Remember the Jordan shop space that was offered in January to young entrepreneurs for a monthly rent of HK$1?
As expected, it drew an enthusiastic response.
Applications closed last week to a record 162, according to the Hong Kong Federation of Youth Groups which organized the rare opportunity under its Youth Business International program.
This year’s haul eclipsed the previous record of 112 applications in 2009-2010 when the global economy was only beginning to recover from the 2008 financial crisis.
Among the 162 applicants, 114 will compete for the HK$1-a-month shop in Shanghai Street.
They were chosen on the strength of their business proposals.
The big-hearted woman who owns it asks only that the tenant restrict the business to food and beverage during the two-year lease.
The rest of the applicants are hoping the organizers will come up with a plan to offer interest-free loans.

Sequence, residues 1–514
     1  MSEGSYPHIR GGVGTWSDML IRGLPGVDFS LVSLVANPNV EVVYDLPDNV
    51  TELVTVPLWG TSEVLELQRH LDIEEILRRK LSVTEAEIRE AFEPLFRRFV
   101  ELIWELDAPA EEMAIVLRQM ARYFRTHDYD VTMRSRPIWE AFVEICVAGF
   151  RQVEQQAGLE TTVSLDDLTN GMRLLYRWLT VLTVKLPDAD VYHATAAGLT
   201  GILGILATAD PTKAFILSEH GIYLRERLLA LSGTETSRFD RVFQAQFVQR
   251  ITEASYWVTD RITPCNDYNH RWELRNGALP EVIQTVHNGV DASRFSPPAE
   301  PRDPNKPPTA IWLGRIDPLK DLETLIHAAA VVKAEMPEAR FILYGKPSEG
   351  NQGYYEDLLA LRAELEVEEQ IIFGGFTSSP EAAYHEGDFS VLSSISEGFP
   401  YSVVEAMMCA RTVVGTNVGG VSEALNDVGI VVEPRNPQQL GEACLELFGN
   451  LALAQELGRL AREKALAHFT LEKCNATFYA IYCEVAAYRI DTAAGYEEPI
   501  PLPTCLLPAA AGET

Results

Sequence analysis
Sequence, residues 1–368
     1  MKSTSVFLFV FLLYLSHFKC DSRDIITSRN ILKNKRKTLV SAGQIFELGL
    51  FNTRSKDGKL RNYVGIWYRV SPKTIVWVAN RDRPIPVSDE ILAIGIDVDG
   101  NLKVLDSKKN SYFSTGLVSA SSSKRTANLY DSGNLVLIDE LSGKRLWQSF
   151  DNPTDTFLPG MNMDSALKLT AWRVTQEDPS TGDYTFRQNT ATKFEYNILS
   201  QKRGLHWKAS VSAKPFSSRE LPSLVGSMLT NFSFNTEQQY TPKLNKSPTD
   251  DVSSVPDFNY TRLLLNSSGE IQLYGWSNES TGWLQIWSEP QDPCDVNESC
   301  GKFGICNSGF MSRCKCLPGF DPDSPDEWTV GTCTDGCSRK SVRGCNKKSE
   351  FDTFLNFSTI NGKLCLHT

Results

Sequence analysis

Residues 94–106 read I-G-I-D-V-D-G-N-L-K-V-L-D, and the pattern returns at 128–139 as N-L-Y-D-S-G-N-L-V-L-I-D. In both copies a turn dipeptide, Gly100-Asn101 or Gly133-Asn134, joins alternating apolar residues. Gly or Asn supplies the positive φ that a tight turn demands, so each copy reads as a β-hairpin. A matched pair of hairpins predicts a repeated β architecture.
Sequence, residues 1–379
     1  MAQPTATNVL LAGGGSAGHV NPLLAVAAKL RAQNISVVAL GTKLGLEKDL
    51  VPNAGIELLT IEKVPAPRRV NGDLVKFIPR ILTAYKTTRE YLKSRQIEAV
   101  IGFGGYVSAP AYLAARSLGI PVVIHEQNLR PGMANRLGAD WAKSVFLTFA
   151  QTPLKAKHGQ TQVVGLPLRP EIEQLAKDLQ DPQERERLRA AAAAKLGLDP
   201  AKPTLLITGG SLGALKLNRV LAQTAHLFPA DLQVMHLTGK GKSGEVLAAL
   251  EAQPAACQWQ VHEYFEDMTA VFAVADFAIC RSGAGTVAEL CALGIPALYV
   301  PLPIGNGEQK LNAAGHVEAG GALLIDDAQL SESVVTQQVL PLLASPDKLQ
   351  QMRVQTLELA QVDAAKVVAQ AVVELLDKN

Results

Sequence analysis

Gary Tang, supervisor of the federation, told the Hong Kong Economic Journal that based on the proposals, 28 percent of the applicants want to operate a coffee shop.
Others plan a restaurant serving Chinese, Asian and western food or dessert.
“This time, the applicants really did their homework,” Tang said.
“Some of them even came up with solutions on how to increase foot traffic after finding that business in Shanghai Street is quiet at night.”
They will undergo the first round of interviews at the end of this month and organizers expect to release the results in early May.
Rent is the biggest obstacle to young people starting a business. Tang is hopeful more generous landlords will come forward to help the next generation of entrepreneurs.
However, he is guardedly optimistic.
“Some owners would rather let their shops stand empty than settle for lower rent,” he said.
“If the present trend of spiraling rents continues amid an influx of Chinese visitors, no landlord will consider lowering rent.”
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